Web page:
Monday, July 07, 2008

The San Francisco Treat

I. Am. In. Love.

I had thought, nay was sure, that I had found my one true soul mate in Boston. But, suddenly and unexpectedly, another has come in to my life and I can't deny my feelings any longer.

Yes, it is true. I went to San Francisco for the first time this past weekend and I am smitten.

I've always found that cities are a lot like people. They have pulses and beating hearts. They can be moody. Sometimes you fall in and out of love with them as quickly as the fog rolls in over the bay. Sometimes they exceed your expectations and sometimes they disappoint. Spend enough time with them and they will almost always surprise you.

San Francisco swept me off my feet. (Almost literally, since it is quite windy there).

It's always interesting to visit a new place and see just how closely it matches the idea in your head. Based on what I knew of it, I thought San Francisco would be picturesque and that its residents would be quirky and maybe just a little smug about living in what is probably the most naturally beautiful and socially progressive city in the country. This turned out to be pretty accurate:

We spent our far too short time in the city being proper tourists. We watched fireworks over the water, ate chocolate in Ghirardelli Square, walked across Golden Gate Bridge, rode a cable car and browsed through the City Lights Bookstore (home to all the great beat poets such as Ferlinghetti, Ginsberg and Mike Myers in "So I Married An Axe Murderer"). It was all completely delightful, but I think the most quintessentially San Francisco moment of all occurred when I overheard this snippet of conversation spoken by two uber-trendy girls walking down the street in matching lace dresses, black tights and faux fur coats.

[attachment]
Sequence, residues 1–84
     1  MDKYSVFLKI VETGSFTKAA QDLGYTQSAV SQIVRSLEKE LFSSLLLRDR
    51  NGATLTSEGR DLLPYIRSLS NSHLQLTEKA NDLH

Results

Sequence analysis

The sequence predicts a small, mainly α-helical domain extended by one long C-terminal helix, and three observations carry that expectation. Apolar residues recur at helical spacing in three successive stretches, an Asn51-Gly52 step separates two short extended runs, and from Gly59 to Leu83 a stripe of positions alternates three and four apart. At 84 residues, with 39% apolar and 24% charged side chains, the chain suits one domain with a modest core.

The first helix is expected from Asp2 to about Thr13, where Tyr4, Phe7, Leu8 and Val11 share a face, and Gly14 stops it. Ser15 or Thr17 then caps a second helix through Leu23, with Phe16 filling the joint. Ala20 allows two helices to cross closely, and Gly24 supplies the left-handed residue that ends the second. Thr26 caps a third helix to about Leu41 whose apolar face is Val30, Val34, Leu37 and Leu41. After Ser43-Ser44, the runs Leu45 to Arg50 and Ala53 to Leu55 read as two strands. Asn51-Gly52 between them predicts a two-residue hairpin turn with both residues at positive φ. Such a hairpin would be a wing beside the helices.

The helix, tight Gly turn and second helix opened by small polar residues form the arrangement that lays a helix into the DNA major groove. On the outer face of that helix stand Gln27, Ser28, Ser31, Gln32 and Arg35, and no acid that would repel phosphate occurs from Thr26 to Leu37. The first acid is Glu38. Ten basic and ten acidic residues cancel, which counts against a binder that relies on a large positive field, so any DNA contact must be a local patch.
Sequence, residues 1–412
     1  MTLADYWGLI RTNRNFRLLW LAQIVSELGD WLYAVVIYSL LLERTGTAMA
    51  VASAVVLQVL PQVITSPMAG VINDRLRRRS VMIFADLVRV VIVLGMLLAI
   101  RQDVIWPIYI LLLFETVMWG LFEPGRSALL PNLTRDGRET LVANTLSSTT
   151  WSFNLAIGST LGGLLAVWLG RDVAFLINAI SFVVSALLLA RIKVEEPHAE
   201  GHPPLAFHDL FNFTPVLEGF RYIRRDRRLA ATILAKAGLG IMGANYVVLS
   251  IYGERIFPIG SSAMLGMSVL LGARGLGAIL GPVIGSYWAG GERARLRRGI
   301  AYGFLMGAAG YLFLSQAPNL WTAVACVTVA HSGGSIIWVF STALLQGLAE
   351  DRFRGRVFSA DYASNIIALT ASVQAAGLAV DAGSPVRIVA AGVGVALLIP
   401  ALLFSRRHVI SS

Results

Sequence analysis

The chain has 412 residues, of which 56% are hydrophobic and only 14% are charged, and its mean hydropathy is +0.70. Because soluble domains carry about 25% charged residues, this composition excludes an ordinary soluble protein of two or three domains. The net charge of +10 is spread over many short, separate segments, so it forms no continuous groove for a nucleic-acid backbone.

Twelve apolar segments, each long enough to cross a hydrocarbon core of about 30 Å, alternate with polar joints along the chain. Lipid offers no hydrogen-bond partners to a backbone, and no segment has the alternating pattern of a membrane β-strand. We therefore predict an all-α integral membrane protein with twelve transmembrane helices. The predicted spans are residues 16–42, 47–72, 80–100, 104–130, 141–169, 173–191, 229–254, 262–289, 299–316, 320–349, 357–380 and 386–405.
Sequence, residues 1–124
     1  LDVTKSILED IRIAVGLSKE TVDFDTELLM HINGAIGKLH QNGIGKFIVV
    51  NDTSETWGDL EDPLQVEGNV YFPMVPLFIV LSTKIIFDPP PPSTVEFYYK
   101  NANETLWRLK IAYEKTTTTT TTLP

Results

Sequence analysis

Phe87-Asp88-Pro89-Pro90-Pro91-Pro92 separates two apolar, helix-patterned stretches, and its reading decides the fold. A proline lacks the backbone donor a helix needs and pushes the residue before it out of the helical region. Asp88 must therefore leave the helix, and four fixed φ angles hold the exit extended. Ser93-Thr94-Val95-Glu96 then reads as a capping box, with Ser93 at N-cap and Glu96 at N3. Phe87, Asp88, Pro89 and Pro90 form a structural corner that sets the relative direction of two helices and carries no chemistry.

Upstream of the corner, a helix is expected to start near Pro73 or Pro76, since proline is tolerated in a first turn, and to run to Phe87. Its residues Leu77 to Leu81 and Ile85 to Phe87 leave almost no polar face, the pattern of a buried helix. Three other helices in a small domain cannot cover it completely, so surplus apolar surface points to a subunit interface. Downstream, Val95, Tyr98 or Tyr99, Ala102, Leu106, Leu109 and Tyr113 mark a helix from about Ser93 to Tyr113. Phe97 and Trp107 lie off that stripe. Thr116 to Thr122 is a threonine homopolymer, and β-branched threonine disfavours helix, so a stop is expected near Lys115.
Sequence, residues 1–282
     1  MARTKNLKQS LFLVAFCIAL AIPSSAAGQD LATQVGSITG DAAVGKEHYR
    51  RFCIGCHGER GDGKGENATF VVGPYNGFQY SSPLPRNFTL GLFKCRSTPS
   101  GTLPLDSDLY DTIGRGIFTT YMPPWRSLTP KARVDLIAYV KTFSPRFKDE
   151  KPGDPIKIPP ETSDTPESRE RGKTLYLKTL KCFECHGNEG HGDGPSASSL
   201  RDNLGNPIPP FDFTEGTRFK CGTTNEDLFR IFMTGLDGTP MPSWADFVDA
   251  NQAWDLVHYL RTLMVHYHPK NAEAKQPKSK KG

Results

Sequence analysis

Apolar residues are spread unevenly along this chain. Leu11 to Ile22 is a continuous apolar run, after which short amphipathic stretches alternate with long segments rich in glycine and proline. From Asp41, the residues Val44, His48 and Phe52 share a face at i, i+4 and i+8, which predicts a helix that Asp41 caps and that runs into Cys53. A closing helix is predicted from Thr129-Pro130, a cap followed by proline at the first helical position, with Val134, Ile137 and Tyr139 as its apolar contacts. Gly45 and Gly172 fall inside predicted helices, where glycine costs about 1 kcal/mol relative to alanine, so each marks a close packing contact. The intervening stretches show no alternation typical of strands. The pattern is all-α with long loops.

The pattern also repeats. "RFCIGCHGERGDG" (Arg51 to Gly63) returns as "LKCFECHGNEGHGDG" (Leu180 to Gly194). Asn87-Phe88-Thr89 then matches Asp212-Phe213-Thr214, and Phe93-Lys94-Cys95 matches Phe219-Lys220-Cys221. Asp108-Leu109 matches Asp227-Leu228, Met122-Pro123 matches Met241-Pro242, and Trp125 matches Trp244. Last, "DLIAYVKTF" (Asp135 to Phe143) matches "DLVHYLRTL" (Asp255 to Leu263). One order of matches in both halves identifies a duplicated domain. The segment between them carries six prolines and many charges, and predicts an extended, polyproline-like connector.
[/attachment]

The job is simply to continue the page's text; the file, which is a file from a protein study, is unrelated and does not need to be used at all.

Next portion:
Girl #1: "I so do NOT over-medicate.
Girl #2: "WHATever, Jude."

Here are a few more photos of our San Francisco adventure.

A couple of other noteworthy items:

MANY thanks to Kelli for sending us a list of things to do in San Francisco so comprehensive that we hardly needed to consult the Time Out guide we had purchased. If you're ever looking for a career change, I see a future for you in travel guide writing my friend!

Also, if you happen to drop by my Facebook profile where the rest of the photos are posted, you may notice that I'm wearing the same black sweater in almost every picture. This particular sweater was purchased in a London H&M in 2002, and has been with me everywhere I've gone since then. It was tragically lost during a trip to Las Vegas in 2005 and then miraculously recovered. It's lightweight yet surprisingly warm. It goes with everything and can be easily folded up and transported in a shoulder bag.

If you yourself do not own the perfect travel sweater, I seriously suggest that you invest in one. Particularly if you are ever planning a trip to San Francisco, where layering is key.